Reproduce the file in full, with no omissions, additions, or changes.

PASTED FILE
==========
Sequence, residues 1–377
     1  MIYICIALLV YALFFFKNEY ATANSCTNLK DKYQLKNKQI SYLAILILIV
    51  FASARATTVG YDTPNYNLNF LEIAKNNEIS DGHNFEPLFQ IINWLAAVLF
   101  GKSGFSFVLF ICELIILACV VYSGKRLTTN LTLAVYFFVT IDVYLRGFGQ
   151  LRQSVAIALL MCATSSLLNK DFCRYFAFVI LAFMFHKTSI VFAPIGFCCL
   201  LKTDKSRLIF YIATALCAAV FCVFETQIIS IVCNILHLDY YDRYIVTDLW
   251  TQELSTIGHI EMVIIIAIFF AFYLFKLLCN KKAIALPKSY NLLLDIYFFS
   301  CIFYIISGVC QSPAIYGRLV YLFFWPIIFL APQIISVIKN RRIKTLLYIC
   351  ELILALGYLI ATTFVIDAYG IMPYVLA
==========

Sequence, residues 1–377
     1  MIYICIALLV YALFFFKNEY ATANSCTNLK DKYQLKNKQI SYLAILILIV
    51  FASARATTVG YDTPNYNLNF LEIAKNNEIS DGHNFEPLFQ IINWLAAVLF
   101  GKSGFSFVLF ICELIILACV VYSGKRLTTN LTLAVYFFVT IDVYLRGFGQ
   151  LRQSVAIALL MCATSSLLNK DFCRYFAFVI LAFMFHKTSI VFAPIGFCCL
   201  LKTDKSRLIF YIATALCAAV FCVFETQIIS IVCNILHLDY YDRYIVTDLW
   251  TQELSTIGHI EMVIIIAIFF AFYLFKLLCN KKAIALPKSY NLLLDIYFFS
   301  CIFYIISGVC QSPAIYGRLV YLFFWPIIFL APQIISVIKN RRIKTLLYIC
   351  ELILALGYLI ATTFVIDAYG IMPYVLA